How I keep my laptop minimal, whilst being productive

I am new to the laptop game. Having switched to a newer, more efficient machine running Windows 10 eight months ago, I didn’t think I would master the art of using a laptop efficiently this fast. However, after all this time, surfing the web, looking for “tips, tricks, customization, and hacks” to my machine, I came down to an organized way to run my laptop.

The Desktop

I have gone through a lot of “What’s on my Laptop” videos to be safe to say that they always start with the desktop, and for good reasons.

The desktop is the first thing you see upon starting your system. This is probably the most visited place of your laptop, I like to think of it as a table on which I am going to be working on. Most laptops I have seen have desktops cluttered with icons, folders, temporary screenshots and shortcuts that the user almost never visits. Since I think of it as a table for my work, I find the extra, useless icons pretty distracting. From the day I got my laptop, I have tried my best to keep my desktop clean and functional.

As you can see, I only have the Recycle Bin, and two temporary folders I use to store files I will need very quickly and don’t have time to put away. I also keep these shortcuts towards the top-right, even though I use a Windows machine, that is simply by choice, I like the placement better.

I also keep my taskbar always hidden, that way, I don’t get distracted by my pinned apps and that also gives me extra screen space while I am studying, or while multitasking.

The Taskbar

Following the theme of minimalism, I have removed unwanted icons from my taskbar.

I keep my notification area pretty clean, by putting all unwanted shortcuts inside the grouped area. I have also removed the search and Cortana shortcuts because I don’t use them very often. When I search, I find that pressing only Windows key and then typing works just fine. And, as you can see, I have also centered my pinned apps using TaskbarX, which is a portable and lightweight application. Initially, I installed it just for the aesthetics, but I also found that it was easier (for me atleast) to bring my mouse pointer towards the middle of the bottom of the screen than towards the left. I also pin only those apps that I use either daily, or in a three day basis. I use Zoom too, for school but I never actually open the app, I simply click on the links in Google Classroom.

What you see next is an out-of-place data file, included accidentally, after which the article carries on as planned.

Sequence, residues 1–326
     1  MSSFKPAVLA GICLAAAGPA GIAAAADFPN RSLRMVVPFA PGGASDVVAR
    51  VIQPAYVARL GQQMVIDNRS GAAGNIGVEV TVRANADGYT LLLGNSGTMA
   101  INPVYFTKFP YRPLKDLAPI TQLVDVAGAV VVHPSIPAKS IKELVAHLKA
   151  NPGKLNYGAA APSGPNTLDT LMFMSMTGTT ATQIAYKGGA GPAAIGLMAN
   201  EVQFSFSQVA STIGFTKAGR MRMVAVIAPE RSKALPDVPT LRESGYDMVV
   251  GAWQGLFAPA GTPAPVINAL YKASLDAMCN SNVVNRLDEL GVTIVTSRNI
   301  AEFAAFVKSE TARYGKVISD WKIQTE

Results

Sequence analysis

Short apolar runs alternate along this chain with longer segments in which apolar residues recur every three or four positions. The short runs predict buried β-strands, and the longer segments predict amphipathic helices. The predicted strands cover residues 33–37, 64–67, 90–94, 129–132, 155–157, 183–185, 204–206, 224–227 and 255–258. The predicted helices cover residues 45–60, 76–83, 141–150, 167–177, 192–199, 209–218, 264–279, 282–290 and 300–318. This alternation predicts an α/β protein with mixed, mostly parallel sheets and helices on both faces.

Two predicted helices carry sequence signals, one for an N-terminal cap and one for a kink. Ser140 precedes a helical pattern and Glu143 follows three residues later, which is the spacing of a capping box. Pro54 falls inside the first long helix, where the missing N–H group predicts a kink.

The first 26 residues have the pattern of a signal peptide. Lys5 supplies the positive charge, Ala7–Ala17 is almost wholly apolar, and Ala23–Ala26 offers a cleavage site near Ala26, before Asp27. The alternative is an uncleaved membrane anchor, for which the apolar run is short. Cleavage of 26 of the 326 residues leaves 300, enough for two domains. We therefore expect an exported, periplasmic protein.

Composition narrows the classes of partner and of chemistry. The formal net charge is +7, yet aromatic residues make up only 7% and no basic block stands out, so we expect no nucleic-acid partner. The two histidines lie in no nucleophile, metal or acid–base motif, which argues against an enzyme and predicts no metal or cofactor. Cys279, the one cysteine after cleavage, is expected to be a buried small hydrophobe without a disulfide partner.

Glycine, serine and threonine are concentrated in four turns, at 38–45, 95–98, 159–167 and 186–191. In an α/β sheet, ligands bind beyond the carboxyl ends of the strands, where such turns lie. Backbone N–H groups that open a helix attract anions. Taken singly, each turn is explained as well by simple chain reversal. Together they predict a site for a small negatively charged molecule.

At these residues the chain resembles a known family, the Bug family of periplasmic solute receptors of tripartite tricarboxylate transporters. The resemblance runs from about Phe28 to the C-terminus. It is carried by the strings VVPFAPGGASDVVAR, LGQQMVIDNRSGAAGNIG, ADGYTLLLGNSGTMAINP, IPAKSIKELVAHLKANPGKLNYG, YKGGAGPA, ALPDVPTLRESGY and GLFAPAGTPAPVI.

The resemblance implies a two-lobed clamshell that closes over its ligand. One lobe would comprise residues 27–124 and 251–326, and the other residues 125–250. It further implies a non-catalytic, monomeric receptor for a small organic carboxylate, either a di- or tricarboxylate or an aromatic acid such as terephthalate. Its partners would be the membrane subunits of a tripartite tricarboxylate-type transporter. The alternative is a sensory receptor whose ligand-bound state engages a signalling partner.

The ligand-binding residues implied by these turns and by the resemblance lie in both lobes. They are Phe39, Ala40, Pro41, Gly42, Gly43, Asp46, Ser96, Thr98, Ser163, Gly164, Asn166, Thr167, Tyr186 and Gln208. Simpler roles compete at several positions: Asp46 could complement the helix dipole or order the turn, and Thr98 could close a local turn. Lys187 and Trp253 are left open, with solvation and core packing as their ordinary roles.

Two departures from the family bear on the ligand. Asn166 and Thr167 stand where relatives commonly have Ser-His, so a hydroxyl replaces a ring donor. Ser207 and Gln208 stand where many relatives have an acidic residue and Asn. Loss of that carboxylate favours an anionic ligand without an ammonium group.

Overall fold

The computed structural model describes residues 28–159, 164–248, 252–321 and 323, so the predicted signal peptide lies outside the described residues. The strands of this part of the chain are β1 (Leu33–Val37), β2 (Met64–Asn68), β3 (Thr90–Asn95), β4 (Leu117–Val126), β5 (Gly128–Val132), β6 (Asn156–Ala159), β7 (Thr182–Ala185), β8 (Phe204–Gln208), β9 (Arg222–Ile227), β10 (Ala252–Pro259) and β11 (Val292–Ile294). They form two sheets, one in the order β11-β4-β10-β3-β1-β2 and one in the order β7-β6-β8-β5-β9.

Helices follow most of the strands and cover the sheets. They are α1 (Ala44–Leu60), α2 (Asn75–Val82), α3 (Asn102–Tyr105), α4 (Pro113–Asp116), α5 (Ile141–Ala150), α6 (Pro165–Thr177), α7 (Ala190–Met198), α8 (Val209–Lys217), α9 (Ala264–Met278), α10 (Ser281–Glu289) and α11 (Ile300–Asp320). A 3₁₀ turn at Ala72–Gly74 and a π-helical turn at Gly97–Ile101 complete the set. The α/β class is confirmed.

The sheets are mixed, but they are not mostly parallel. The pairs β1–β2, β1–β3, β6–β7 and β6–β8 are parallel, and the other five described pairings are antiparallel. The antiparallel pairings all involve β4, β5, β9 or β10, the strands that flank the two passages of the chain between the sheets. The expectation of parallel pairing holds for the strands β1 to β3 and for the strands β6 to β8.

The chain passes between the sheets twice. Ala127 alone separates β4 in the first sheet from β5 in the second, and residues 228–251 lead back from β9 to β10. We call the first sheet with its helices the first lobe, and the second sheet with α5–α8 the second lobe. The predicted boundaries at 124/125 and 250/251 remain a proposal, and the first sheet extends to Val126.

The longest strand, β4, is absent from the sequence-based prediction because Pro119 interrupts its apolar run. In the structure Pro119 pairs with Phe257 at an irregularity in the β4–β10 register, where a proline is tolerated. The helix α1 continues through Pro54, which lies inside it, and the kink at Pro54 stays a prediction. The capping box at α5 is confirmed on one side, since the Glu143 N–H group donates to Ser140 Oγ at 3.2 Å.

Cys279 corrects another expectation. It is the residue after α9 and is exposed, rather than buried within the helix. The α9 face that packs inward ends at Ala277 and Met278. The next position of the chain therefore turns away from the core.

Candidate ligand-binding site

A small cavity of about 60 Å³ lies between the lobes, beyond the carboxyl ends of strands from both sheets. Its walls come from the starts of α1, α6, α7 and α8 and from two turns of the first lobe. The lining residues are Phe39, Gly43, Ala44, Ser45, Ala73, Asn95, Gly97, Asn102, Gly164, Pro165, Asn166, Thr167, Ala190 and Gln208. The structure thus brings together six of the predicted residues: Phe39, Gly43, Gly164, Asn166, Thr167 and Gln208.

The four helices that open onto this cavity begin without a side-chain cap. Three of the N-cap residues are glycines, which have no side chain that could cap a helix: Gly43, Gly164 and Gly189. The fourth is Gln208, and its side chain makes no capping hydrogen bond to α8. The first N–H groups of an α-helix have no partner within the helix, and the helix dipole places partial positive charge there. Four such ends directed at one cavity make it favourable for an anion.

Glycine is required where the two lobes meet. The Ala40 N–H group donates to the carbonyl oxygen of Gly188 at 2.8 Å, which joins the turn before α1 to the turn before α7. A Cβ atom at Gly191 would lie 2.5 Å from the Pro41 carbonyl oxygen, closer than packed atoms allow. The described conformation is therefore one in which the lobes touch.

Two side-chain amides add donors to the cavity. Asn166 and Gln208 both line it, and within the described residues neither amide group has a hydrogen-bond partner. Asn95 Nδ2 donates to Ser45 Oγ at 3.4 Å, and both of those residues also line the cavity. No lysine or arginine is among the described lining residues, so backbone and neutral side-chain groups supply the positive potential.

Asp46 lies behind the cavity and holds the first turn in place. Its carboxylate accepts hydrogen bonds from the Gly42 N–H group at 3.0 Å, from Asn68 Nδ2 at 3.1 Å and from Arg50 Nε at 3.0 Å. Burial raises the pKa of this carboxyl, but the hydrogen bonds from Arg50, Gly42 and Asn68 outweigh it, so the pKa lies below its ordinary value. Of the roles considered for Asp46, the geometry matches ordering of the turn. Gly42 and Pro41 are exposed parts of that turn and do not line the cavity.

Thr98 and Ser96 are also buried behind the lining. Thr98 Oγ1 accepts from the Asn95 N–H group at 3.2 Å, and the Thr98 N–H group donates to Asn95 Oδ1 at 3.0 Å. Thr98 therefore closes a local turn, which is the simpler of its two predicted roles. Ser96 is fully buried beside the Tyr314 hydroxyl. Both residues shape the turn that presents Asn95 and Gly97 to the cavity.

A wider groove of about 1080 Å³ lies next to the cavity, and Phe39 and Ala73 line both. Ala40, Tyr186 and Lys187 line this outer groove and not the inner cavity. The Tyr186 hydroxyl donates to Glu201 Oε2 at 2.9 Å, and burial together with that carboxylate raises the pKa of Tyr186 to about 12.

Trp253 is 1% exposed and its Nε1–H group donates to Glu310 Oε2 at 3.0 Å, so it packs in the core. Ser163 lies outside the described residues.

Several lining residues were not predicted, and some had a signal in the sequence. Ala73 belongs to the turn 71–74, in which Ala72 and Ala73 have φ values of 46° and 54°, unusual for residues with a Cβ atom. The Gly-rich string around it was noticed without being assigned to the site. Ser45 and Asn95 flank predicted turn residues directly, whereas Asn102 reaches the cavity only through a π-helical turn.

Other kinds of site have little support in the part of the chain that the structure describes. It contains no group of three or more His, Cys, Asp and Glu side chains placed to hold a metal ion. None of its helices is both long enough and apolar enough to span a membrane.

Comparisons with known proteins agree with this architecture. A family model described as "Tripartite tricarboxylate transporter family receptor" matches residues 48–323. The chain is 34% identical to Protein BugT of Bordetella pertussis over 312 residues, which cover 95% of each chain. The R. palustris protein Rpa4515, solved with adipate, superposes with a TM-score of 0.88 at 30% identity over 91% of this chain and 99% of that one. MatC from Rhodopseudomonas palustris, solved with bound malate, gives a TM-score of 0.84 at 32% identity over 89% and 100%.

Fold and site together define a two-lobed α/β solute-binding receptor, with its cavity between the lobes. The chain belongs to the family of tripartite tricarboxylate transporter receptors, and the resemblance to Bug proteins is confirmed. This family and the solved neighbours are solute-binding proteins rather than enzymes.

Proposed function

The Web Browser

As you previously saw, I use 2 of them - Microsoft Edge and Google Chrome. But for my default browser, I use Edge for the most part, including writing this article. I find it uses considerably less memory than Chrome and it also has small features that I miss when I use Chrome, like the mute tab and collections feature. But I use Chrome when I need both my laptop and phone to be in sync and I find that Chrome works perfectly for that.

The browser, as you guessed it, is also pretty clean. I do use most of my bookmarks regularly and I have also disabled the “Content” feature that shows you news and stuff. I find it distracting, so I disable it.

The File Explorer

I have set the File Explorer to always open to This PC rather than quick access, simply because the quick access is always present on the left side column. I do sort everything pretty well, and also, I have disable almost everything in the Navigation Pane, other than Quick Access.

Other Shortcuts

As you have probably noticed, I make my laptop usage as efficient as possible. I do not waste to much time to find what I need, I don’t open the File Explorer every time I want to open a file/folder, I simply search for it using Windows Search.

I also keep Focus Assist continuously on to prevent irritating notifications blocking up my screen.

I also use a wide variety of keyboard shortcuts from Ctrl+C and Ctrl+V to Windows+Shift+Esc for Task Manager and Windows+1,2,3,4 to open the respective application on the taskbar. I do use all of the Touchpad gestures, only customized to my needs.

And finally, I use 3 Virtual Desktops - one that always has the Calendar running, second for studying/work and the third one to keep temporary apps that I’m not currently using, but also don’t want to be closed.

A Student, Tech Enthusiast, Graphic Designer, Marvel Fanatic